True discernment is the ability to distinguish between more life and less life. Athanasius wrote “Evil, then consists essentially in the choice of what is lower in preference to what is higher.” This alerts us to the fact that it is not good enough to believe and practice something because we ‘own’ this belief. Any distorted truth is a lie, and any lie makes people less than they are.
People make a thing these days of hoarding foolish ideas. The result may not be seen immediately but what is inevitable is chaos and death.
We need never fear the truth – not if we have anything illegitimate to lose. Truth liberates. It sets us free from self-imposed prison cells, and if we persist in it, truth will liberate us from penitentiaries we have lived in all our lives. It is this latter style of prison from which Jesus sets us free – if we are willing to exchange our prison for Him and His Freedom. This is what Christ our life is better than a form of evangelicism as our life.
With Christ, His good news is always better than self-effort and imagined entitlement. As a minister of the new covenant you will be motivated to liberate people from half-truths and ‘other gospels.’
‘The Spirit of the Lord is on me, because he has anointed me to proclaim good news to the poor. He has sent me to proclaim freedom for the prisoners and recovery of sight for the blind, to set the oppressed free’ Luke 4.18 NIV.
THE BEGINNING AND END OF PRISONS
We know that the original lie pertained to the nature of our Father. It slighted Father as untrustworthy and defined Adam and Eve as less than they were. This is still the intent and major thrust of the father of lies and hence of all false doctrine. Today the plan is to distort our vision of Jesus as was the plan regarding Father. Our most subtle prison can be our personally distorted view of Jesus – or a denominational version. We are referring to conceptualisations of Jesus that pervert who He is and who we are as a result. J Baxter Kruger alerts us to this deceit in his excellent novel, Patmos.
He writes of the freedom of ‘seeing beyond our own seeing.’ “I heard the voice of Jesus, the Word, quiet as a clear whisper: “Take sides with me, against the way you see.”
“Lord Jesus . . . this fortress is me, isn’t it? I have built it, piece by miserable piece, but I cannot tear it down.” [The fortress of distorted vision]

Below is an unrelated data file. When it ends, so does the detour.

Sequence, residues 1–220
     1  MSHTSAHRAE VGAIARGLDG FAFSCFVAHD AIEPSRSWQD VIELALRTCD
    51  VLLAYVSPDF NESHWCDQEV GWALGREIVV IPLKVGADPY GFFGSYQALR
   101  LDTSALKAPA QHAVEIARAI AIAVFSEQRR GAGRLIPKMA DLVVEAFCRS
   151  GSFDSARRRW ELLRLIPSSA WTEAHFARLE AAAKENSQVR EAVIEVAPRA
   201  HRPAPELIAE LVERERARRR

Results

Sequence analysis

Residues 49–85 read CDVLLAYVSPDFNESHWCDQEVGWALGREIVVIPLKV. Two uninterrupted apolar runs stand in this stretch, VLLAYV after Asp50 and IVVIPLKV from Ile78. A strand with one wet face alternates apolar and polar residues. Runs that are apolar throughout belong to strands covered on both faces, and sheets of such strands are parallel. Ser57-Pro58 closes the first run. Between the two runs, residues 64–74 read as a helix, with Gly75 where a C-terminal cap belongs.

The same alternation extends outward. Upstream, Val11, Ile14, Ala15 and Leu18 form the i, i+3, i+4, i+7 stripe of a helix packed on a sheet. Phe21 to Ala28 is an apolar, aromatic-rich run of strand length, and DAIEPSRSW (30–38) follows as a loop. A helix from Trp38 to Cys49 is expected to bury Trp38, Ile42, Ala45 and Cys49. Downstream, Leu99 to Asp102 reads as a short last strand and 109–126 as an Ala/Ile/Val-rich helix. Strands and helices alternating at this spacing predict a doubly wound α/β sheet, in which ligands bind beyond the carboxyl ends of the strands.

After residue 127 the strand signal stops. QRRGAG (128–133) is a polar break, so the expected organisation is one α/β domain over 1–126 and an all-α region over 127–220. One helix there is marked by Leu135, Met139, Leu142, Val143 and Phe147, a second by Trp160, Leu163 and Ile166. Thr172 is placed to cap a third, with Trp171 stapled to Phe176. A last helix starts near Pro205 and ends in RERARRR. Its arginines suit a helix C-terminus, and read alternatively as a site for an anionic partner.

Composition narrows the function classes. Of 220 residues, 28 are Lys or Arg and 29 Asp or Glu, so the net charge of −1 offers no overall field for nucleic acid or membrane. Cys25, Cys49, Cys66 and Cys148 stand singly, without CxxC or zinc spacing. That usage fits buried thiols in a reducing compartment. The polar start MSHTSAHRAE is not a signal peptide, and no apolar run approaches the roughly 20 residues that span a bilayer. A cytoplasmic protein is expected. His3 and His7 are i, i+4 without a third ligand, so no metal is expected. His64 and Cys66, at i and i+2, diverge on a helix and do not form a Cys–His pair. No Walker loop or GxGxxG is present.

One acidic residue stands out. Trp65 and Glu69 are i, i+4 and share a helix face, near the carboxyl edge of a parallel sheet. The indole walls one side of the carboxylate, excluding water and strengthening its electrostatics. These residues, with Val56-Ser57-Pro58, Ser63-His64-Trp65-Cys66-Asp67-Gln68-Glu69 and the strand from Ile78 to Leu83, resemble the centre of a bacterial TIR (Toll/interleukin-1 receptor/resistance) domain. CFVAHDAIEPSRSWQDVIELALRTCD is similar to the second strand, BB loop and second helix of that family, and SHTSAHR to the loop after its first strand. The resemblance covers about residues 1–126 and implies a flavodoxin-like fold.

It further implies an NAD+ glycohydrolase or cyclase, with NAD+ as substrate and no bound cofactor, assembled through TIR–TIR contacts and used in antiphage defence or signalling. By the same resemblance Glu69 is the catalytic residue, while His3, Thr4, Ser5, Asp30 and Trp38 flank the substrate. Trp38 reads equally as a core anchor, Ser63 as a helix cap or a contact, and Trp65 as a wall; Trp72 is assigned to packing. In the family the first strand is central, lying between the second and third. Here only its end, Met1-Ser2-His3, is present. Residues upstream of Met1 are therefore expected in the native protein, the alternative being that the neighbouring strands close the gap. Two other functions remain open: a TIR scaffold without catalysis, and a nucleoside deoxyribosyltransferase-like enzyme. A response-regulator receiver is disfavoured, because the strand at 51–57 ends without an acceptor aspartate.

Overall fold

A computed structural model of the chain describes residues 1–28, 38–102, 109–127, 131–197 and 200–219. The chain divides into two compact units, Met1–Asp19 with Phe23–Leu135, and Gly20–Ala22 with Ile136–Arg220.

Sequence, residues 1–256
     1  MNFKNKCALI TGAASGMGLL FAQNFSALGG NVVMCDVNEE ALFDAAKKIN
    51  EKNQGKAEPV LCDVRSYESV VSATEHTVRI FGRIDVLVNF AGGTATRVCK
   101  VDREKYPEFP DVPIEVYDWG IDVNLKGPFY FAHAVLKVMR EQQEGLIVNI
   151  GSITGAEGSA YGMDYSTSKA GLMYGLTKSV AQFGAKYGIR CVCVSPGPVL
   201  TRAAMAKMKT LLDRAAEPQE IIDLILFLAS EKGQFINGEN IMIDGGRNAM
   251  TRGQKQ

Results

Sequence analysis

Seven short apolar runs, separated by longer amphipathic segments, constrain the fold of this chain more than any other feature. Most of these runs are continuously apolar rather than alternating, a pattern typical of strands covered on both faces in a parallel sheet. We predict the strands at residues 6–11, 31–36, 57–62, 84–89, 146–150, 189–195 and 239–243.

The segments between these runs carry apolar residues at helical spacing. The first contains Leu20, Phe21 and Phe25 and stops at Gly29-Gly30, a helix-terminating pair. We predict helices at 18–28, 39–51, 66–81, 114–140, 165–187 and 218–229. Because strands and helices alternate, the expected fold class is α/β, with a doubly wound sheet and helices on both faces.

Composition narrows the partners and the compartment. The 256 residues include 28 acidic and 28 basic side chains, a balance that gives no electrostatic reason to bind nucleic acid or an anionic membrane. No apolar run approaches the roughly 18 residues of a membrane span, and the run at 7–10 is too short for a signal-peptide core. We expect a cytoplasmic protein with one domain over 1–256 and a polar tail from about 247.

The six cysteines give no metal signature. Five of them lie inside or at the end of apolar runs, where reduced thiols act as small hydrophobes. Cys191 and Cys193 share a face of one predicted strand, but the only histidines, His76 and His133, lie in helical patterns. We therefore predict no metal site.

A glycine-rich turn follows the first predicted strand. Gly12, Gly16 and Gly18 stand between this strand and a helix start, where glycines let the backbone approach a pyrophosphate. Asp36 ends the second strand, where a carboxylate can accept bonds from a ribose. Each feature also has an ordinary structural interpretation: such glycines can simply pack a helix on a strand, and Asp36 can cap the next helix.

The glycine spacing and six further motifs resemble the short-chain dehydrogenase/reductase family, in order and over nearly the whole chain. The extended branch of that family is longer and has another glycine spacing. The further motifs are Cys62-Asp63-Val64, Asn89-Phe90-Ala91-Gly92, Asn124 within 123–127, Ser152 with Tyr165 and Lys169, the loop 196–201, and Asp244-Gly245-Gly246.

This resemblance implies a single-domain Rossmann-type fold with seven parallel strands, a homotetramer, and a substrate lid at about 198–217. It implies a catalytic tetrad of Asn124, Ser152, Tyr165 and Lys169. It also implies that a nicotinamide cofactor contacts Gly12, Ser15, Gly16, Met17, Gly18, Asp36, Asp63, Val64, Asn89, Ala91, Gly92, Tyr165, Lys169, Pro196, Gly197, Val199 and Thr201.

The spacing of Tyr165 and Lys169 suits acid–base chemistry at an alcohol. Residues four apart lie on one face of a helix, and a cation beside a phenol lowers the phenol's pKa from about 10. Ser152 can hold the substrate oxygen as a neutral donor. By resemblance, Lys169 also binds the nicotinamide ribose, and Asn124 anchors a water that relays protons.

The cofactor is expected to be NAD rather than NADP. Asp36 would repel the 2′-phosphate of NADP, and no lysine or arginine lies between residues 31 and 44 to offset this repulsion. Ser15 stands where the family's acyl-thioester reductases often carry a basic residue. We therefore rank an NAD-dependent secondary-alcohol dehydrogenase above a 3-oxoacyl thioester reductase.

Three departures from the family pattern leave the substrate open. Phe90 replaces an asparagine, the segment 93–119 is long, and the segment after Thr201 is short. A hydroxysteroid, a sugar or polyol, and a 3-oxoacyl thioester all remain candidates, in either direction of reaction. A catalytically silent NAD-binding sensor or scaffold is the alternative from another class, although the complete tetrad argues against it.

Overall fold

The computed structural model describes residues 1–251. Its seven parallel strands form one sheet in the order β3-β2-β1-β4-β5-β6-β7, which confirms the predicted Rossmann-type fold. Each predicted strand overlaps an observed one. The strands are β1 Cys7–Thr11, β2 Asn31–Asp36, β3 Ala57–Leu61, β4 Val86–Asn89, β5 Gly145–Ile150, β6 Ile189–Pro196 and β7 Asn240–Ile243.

“I Am,” I heard. I heard at last, and all that was within me declared, Amen! I let go, of what I did not know. The fortress burst and vanished in a blast of purest light. In the light I could see, see beyond my own seeing. Two great eyes appeared, wide open and warm, clear as crystal, deep as a mountain lake and unclouded by any hint of shadow, and trained with affection upon me. In the eyes I saw myself reflected.”
IN THE LIGHT
A corrected vision – called walking in the light – entails the need to be born again and a willingness to join the adventure of multiply re-births – known also as proceeding from glory to glory. Here we mean beholding and living in the ever expanding revelation of the beauty of our Father as well as enjoying the continual advance our ourselves into the glory of who we are as sons and daughters of God. We can do this if we do not fear, fear and when our trust in God is greater than our fear. Some live in dread of ‘being deceived.’ This is a largely unconscious, yet deep insecurity arising from the fact that one is embedded in a deception – a stronghold utilised by the Enemy to suffocate our sonship. It is fixed in place by arguments and rationalisations shed abroad by the spirit of anti-christ. Speaking to this fear Richard Rohr writes,
A COMFORTABLE TUNNEL
“Many of us were religiously trained to be comfortable with fear. Most of you reading this were given the quote, “The fear of the Lord is the beginning of wisdom” (Ps. 111:10 and Prov. 1:7). We were taught “fear of God” as a virtue when we were small children. In fact, the word “fear” in both Psalms and Proverbs means the awe that small children have for someone they honour and respect. It is not the fear of being harmed, but the awe of reverence and honour for someone we look up to and are devoted to. That’s a very different concept, and the English word “fear” doesn’t do it justice. To live in awe before God’s wonder is a virtue. “Anxiety about many things” is what Jesus says we needn’t have (Luke 12:22–32). Anxiety and faith seem to be opposites for Jesus.” (1)
Jesus put the issue bluntly to a friend in a dream. He said, ‘Ok. Do you plan to worship your fear. Or will you worship me?
(1) Rohr, Richard. Everything Belongs: The Gift of Contemplative Prayer (pp. 101-102). The Crossroad Publishing Company. Kindle Edition.